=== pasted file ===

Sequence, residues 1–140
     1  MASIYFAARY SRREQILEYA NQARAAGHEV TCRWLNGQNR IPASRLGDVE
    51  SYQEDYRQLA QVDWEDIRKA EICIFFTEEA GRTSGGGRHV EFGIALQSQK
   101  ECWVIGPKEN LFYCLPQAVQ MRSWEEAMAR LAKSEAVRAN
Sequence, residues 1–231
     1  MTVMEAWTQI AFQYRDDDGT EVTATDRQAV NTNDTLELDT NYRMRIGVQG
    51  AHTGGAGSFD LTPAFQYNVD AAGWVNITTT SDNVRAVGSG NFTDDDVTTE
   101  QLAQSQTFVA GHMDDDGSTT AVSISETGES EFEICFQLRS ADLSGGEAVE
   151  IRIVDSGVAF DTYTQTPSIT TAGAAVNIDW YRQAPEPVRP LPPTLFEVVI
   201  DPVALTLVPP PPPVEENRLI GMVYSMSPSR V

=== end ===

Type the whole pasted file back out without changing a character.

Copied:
Sequence, residues 1–140
     1  MASIYFAARY SRREQILEYA NQARAAGHEV TCRWLNGQNR IPASRLGDVE
    51  SYQEDYRQLA QVDWEDIRKA EICIFFTEEA GRTSGGGRHV EFGIALQSQK
   101  ECWVIGPKEN LFYCLPQAVQ MRSWEEAMAR LAKSEAVRAN
Sequence, residues 1–231
     1  MTVMEAWTQI AFQYRDDDGT EVTATDRQAV NTNDTLELDT NYRMRIGVQG
    51  AHTGGAGSFD LTPAFQYNVD AAGWVNITTT SDNVRAVGSG NFTDDDVTTE
   101  QLAQSQTFVA GHMDDDGSTT AVSISETGES EFEICFQLRS ADLSGGEAVE
   151  IRIVDSGVAF DTYTQTPSIT TAGAAVNIDW YRQAPEPVRP LPPTLFEVVI
   201  DPVALTLVPP PPPVEENRLI GMVYSMSPSR V